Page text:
As originally published in Forbes on December 16, 2011.
Imagine that you and two friends are in Atlanta this New Year’s Eve to cheer on your UVA Cavaliers in their college football Bowl Game against Auburn. Early that morning, you guarantee a victory and back it up by pledging a donation to charity.
“I’m going to Snoball this,” you tell your friends.
Your laptop flies open, you log into your account at Snoball.com, and, with several mouse clicks, you throw down the gauntlet. If UVA wins, you will donate five dollars ($5) to MadisonHouse, where all three of you volunteered as undergraduates – one of 1.6 million non-profits supported by Snoball’s online social giving platform.
That’s where the fun—the giving—begins.
Through Snoball, you share your pledge—your nascent Snoball—with all your friends on Facebook, many of whom are UVA alums. You Tweet with all the appropriate hash tags (#uva #hoos #give #charity) the URL to your personalized Snoball page urging others to your join your Snoball. You then email your link to 50 friends. You’ve spent 10 minutes thus far. You then hold your laptop out to your friends.
“Your turn. Snoball it.”
Hours before kickoff, you and your two friends have tapped into vast social networks, giving each person the opportunity to match your pledge. In turn, each can do the same with his or her own network. Let’s estimate conservatively that the three of you reach a total of 1,000 unique individuals through Facebook, Twitter, and email. Suppose 10% of those individuals (100) join you. UVA wins. Your initial $5 Snoball—no big deal, right?—just turned into $500 for your charity of choice.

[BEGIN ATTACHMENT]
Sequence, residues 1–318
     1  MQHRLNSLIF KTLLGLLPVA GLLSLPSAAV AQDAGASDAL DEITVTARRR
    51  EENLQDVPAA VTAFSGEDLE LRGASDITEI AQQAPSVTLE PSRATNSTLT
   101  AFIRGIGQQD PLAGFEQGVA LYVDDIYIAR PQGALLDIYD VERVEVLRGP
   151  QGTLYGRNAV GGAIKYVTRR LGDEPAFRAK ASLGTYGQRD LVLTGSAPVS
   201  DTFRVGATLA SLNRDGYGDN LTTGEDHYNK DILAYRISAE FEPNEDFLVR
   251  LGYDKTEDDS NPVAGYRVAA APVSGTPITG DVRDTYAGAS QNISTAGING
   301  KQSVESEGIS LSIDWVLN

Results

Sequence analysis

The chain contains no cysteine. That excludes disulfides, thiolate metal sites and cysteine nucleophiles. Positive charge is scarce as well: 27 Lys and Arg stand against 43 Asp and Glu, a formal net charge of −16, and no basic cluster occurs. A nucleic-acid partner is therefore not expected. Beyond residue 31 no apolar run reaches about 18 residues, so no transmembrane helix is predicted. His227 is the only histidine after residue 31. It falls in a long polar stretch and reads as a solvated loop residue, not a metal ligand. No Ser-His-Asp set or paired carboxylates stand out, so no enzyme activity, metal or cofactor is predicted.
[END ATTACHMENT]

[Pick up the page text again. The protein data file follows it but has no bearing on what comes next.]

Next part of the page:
Why just the Bowl Game? If you’re a Tar Heel, why not Snoball when UNC plays Duke in hoops? Or when Army plays Navy? So the Yankees are visiting the Phillies tonight? Snoball the home team with $2 to the Philadelphia Museum of Art and invite your friends and co-workers to do the same.
Why not motivate yourself to meet your fitness goals or to tend to your garden daily or to attend church regularly by rewarding yourself with a charitable donation to a local charity? Better yet, why not invite your friends to join you?
Welcome to Snoball’s concept of Social Giving.
The Importance of Online Giving
John Ludlow, Chief Strategy Officer of Snoball (@Snoballfort), understands first-hand the value of charitable giving. When his first daughter was born six weeks premature, he was volunteering with a number of non-profits based upon his belief that people should give more of their time than their money. He still does. Ludlow told me: